By Hajer Naili
Wednesday, November 9, 2011
Since the U.S. invasion of Iraq thousands of women and girls have been trafficked for sexual exploitation, finds a report published today by the London-based Social Change Through Education in the Middle East.
Domestic violence, rape and other forms of gender-based violence have become a common practice among the internally displaced persons in Iraq and the large refugee communities in Syria, Jordan, Lebanon and other countries of the Middle East, according to the report.
Iraqi women's vulnerability to trafficking began after the Gulf War in 1991 and the economic sanctions against Saddam Hussein's Baath regime, the study says. In the preceding two decades--from 1979 to 1991--Saddam's regime appeared to foster women's civil participation. Girls were allowed to attend school, which narrowed the literacy gap and provided women more access to high-ranking jobs in government agencies and ministries.
Divorce laws were liberalized, giving women more leeway to exit marriages. In 1980 women gained the right to vote and run for political office.
Two major exceptions to these liberalizations were Iraqi women from Shia Muslim and Kurdish communities who were subject to religious discrimination and highly vulnerable to rape by Saddam Hussein's militias and military personnel, or to being trafficked into Iran, Turkey, Egypt and Sudan, according to a 2010 study from the Norwegian Church Aid quoted by the study.
The 1991 Gulf War led to tough economic sanctions by the international community designed to overthrow Saddam's Baath Party. That brought the country's economy to its knees. Employed women were dismissed from their jobs, freedoms were restricted and girls' school attendance dropped.
These restrictions worsened the exploitation of women in the workplace and led to an alarming increase in prostitution. "A huge number of widowed and single mothers, facing either no income or a monthly salary of just a few dollars, were forced into prostitution to merely survive," the study finds.
Facing financial difficulties, some families pushed daughters into prostitution, sold them to traffickers or forced them into marriage.
Authors tell the story on one young woman, Amira, whose " family was facing financial problems, when a man came to her father with an offer to hire Amira for $200 a month in order to help take care of his wife, who was handicapped. The impoverished family agreed with this tempting offer, but Amira, 17 years old, had no idea what was in store for her. Her work was not restricted to only housework; she had to have sexual intercourse with the son, and friends of, the man who hired her."
Confronted with this lack of security and the absence of punishment for such crimes, the report finds women and girls often confining themselves to their homes out of fear of being raped or kidnapped.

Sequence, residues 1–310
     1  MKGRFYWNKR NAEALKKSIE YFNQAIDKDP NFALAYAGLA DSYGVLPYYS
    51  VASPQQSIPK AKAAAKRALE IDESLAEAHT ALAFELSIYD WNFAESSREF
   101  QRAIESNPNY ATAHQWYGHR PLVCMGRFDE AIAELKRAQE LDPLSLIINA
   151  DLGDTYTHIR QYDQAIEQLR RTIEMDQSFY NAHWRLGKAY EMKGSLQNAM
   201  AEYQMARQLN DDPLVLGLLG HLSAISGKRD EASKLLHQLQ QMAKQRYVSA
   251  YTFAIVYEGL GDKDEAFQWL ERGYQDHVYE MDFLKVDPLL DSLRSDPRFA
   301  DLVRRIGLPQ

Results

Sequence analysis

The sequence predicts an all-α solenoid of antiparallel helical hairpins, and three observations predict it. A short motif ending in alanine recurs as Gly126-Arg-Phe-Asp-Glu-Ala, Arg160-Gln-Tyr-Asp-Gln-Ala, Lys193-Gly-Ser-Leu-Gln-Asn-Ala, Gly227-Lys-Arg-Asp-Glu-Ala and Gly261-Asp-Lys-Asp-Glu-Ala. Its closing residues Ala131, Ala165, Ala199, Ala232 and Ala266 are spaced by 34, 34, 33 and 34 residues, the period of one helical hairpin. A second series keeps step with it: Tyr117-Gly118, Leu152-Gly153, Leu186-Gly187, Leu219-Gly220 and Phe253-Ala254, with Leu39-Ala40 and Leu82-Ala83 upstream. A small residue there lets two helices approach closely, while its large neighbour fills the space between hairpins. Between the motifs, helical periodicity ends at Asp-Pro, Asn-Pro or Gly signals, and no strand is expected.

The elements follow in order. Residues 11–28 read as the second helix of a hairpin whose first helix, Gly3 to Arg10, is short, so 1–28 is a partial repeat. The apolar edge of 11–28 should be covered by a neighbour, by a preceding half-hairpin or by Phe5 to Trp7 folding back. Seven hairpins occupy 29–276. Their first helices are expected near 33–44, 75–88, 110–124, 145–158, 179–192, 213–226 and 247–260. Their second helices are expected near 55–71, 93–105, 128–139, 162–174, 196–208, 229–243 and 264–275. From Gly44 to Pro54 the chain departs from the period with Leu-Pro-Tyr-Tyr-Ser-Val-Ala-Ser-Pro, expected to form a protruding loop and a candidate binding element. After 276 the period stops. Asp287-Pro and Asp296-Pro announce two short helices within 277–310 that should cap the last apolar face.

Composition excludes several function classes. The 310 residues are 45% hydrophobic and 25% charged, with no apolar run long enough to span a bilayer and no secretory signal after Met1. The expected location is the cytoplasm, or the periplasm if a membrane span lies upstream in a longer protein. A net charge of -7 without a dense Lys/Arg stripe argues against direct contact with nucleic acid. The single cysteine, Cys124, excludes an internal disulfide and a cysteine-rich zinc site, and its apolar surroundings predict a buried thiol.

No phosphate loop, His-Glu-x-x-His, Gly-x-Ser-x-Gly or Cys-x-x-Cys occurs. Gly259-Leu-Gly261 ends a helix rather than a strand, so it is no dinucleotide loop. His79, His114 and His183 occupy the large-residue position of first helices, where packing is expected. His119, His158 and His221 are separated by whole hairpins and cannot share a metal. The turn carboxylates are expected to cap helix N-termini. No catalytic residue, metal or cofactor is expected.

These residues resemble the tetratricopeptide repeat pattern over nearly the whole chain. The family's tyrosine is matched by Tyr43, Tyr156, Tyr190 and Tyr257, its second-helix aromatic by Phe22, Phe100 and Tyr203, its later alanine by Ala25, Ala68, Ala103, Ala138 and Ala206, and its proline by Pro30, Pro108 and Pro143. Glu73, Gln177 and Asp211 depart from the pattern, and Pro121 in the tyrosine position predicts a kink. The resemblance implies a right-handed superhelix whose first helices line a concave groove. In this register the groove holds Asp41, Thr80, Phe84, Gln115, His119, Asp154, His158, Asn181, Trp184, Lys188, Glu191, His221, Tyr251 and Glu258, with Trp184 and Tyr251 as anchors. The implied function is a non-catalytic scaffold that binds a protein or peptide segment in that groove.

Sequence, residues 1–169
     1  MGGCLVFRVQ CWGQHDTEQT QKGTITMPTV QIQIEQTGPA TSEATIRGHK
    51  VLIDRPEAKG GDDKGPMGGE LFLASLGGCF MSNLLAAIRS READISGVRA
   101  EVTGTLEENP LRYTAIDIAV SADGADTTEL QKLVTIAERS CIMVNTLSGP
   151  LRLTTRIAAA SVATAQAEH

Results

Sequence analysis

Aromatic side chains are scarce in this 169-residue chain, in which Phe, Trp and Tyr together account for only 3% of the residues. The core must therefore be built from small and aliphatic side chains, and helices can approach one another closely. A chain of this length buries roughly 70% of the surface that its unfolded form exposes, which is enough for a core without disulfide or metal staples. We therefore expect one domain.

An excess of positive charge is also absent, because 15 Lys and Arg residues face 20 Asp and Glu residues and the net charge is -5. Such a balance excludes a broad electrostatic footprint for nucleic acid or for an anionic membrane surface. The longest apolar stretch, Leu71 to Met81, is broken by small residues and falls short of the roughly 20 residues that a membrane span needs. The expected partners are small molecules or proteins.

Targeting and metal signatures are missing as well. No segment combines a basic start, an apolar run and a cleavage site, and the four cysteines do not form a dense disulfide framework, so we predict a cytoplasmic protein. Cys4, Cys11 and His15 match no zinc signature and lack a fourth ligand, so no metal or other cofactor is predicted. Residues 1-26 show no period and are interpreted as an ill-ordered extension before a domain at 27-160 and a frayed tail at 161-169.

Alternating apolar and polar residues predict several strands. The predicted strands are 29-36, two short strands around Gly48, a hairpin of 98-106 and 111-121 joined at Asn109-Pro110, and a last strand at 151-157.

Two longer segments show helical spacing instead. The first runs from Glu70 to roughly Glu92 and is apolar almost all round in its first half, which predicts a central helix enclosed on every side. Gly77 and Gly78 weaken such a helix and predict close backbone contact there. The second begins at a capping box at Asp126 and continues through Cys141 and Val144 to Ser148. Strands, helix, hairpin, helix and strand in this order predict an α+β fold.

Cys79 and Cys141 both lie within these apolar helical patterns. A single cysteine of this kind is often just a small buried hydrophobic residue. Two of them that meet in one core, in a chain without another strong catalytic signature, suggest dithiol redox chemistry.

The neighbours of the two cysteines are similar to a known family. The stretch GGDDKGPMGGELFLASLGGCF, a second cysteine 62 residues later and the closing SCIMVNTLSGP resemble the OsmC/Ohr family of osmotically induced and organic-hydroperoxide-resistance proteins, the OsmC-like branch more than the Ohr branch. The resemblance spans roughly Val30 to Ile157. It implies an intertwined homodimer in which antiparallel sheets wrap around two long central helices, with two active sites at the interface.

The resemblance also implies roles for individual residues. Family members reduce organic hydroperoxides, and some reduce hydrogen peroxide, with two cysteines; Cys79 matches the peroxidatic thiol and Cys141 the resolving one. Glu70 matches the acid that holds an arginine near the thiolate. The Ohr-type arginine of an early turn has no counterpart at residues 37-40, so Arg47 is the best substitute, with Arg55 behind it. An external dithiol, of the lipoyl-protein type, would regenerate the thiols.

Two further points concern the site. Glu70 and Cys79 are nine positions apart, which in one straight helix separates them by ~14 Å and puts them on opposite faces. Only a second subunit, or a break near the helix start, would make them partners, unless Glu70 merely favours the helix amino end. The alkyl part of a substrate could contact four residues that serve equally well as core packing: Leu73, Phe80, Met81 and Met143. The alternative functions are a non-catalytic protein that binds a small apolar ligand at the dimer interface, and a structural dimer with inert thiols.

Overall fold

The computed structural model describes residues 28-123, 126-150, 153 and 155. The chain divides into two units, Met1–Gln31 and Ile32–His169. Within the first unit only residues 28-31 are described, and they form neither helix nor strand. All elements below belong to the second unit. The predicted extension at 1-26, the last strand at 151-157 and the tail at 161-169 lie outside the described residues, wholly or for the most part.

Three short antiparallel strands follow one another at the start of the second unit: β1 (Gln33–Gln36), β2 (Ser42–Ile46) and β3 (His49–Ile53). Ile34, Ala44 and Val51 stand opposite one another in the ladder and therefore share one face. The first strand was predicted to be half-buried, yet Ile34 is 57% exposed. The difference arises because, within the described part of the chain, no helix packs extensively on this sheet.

"We are all afraid and I cannot go alone anywhere. Even my older daughters, I fear for them. This is not a normal life we are living anymore," authors quoted a pharmacist in Bagdad.
Professional traffickers are very often women involved in the sex industry, authors say. These traffickers target girls and young women--often in cities or public transportation systems--who have often fled their homes out of fear of abuse, forced marriage or the threat of honor crimes. The traffickers pretend to provide assistance, offering to take the girls to shelters that turn out to be brothels. In other cases, male solicitors and taxi drivers are recruited by trafficking gangs to lure vulnerable young girls.
The report also explores the rise of Syria s mut'a marriages, known also as temporary marriages, which can be allowed among some Shia communities. The practice, with varying degrees of social acceptability, can be abused for trafficking purposes so that a girl or woman is married off on a Friday for an agreed price, and on the following Sunday the couple is divorced.
Research suggests that "the rates at which these mut'a marriages are carried out intensifies in the summer when male tourists visit Syria from the Gulf." Similar practices have also been observed in Lebanon.
Salma, for instance, was forced by her father into a mut'a marriage with her cousin at age 15. After 48 hours, after sexually exploiting her, he abandoned her. Her father refused to take her back. Instead he decided to take her to Syria to find her mother. At the border, her father left, selling her to a stranger who subjected her to a series of rapes and forced her into sex work in a Damascus nightclub for two years. Upon becoming pregnant, she was turned over to the streets of Damascus.
"Although this particular kind of marriage is not explicitly called prostitution, it is in effect sexual exploitation, often forced, as means of either securing livelihood, or generating profit." the report says.
Traffickers tend to target the youngest girls and women, for whom they can get the highest prices. "For virgin girls, the sale price can reach thousands of dollars and in some devastating cases; girls are obliged by their traffickers to undertake painful and dangerous hymen operations in order that they might be re-sold again as virgins."
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Hajer Naili is an editorial intern for Women's eNews. She has worked for several radio stations and publications in France and North Africa and specializes in Middle East and North Africa.
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